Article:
“Bill 96 proposes nothing short of the greatest overhaul to Quebec’s legal order since the Quiet Revolution. It is a constitutional project. It would disrupt the two-decades-old social peace around language in Quebec. It would fundamentally change the structure of the Quebec state and legal order. It would upend 40 years of human rights protection in Quebec. It would affect many areas of life for all Quebecers. Its policy basis is questionable. A change of this magnitude requires serious discussions and debate within Quebec society. It ought not to be pushed through the legislature during a pandemic when public attention is rightly focused on health and the economy.”
This Bill 96 has been approved despite objections on constitutional and human rights grounds, the CAQ with the support of QS passed Bill 96 now legislated as The Act respecting French, the official and common language of Quebec.
ACCM is Quebec’s only English-language community organization that provides support services for people living with HIV or hepatitis C and prevention services to educate youth about Sexually Transmitted and Blood Borne Infections (STBBI). We strongly believe that health , social, and public health services should be as accessible as possible. Patient-centered care should be the top priority from a public health perspective rather than linguistic segregation. Individuals should not have to worry about how to express their health concerns in a language that they feel less comfortable with and should be able to clearly express all of their needs to ensure the most accurate and responsive health care. In addition, individuals have a right to access health services in English as legislated in article 15 of the ACT RESPECTING HEALTH SERVICES AND SOCIAL SERVICES.
This new law focuses on diminishing the rights of English-speaking Quebecers. A government aiming to protect the French language should do it without discriminating against others. This Law is discriminatory by creating categories of individuals who are deemed ‘eligible’ to receive certain government services. Access to health-care services is a basic human right and should not be withheld. This law will also add a layer of discrimination and many other negative effects beyond healthcare services, for most English-speaking and allophone communities, especially some oppressed communities with intersecting identities that ACCM serves.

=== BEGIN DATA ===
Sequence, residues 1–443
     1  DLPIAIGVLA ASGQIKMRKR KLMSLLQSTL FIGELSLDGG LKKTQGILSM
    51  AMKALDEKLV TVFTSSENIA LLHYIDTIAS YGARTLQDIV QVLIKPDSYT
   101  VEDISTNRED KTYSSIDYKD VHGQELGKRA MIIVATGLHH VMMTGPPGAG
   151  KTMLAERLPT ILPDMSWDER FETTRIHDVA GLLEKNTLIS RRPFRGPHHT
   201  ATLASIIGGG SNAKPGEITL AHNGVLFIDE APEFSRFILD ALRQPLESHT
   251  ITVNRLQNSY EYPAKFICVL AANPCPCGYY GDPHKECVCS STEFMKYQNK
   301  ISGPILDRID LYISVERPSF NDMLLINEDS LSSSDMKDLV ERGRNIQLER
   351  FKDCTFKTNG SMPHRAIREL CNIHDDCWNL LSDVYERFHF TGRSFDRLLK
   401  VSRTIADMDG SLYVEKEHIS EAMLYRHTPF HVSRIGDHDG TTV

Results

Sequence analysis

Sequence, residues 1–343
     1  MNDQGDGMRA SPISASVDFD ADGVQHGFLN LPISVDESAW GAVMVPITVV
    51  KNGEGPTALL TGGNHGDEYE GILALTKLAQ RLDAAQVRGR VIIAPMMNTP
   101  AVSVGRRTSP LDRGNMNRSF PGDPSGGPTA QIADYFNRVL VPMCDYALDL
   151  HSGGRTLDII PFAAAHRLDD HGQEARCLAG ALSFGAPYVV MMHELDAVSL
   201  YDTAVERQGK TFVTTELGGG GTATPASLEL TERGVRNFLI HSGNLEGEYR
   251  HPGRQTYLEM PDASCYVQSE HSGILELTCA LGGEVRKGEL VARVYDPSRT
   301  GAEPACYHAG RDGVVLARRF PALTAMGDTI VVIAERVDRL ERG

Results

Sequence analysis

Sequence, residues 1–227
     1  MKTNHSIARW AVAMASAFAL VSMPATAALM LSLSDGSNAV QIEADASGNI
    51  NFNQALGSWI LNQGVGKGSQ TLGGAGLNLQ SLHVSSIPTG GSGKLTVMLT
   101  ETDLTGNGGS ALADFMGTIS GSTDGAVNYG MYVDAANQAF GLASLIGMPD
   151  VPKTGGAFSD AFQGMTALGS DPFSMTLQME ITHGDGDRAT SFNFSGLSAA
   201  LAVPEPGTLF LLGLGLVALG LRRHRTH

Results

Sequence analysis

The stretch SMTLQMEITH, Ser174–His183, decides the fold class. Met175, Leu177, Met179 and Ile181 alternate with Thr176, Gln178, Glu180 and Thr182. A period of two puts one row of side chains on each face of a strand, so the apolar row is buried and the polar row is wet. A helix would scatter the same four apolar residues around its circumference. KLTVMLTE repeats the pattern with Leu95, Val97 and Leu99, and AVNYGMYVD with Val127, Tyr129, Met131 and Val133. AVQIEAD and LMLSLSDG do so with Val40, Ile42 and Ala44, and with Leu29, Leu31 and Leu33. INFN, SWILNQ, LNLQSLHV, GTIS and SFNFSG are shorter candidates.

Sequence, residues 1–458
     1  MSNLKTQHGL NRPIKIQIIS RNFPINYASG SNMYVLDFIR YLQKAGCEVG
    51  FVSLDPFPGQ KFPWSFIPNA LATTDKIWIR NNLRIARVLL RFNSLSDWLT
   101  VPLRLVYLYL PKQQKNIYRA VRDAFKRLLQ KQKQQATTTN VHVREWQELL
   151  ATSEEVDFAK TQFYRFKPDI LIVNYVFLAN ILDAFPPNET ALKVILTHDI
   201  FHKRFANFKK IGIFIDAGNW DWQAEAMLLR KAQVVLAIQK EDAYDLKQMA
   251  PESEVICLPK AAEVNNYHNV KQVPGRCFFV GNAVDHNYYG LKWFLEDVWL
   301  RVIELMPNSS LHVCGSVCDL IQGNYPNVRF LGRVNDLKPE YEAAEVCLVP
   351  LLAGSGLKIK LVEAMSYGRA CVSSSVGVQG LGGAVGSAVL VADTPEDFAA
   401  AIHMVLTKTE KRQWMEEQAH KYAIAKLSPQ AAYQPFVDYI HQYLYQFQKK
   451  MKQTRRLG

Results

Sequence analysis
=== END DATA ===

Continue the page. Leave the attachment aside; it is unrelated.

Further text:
Furthermore, as the Truth and Reconciliation Commission of Canada has made clear, respect for Indigenous language rights is an important part of reconciliation. This law is a potential obstacle to the health and wellbeing of Indigenous peoples, not only by threatening access to health services, education and the justice system, but also as a potential barrier to the resurgence of Indigenous languages.
Learn more about bill 96:
- Official Bill 96: http://www.assnat.qc.ca/en/travaux-parlementaires/projets-loi/projet-loi-96-42-1.html
- Overview by QCGN: https://qcgn.ca/wp-content/uploads/2021/06/Bill-96-QCGN-Prelim-Analysis-2021.05.31.pdf
- Statement by the Mohawk Council of Kahnawà:ke: http://kahnawake.com/pr_text.asp?ID=6120
What can you do?
- Sign the open letter to Premier Legault from QCGN: https://qcgn.ca/open-letter-legault/
- Write to your provincial representative. You can find them here: http://www.assnat.qc.ca/en/deputes/index.html
- If you need help finding your electoral division: https://www.electionsquebec.qc.ca/en/electoral-maps/provincial-electoral-divisions/
What is ACCM going to do?
We will keep providing community care in English to people in need who are living with HIV or hepatitis C and reaffirm our commitment to serving allophones too. We stand in solidarity with English-speaking and all allophone communities and against any forms of discrimination.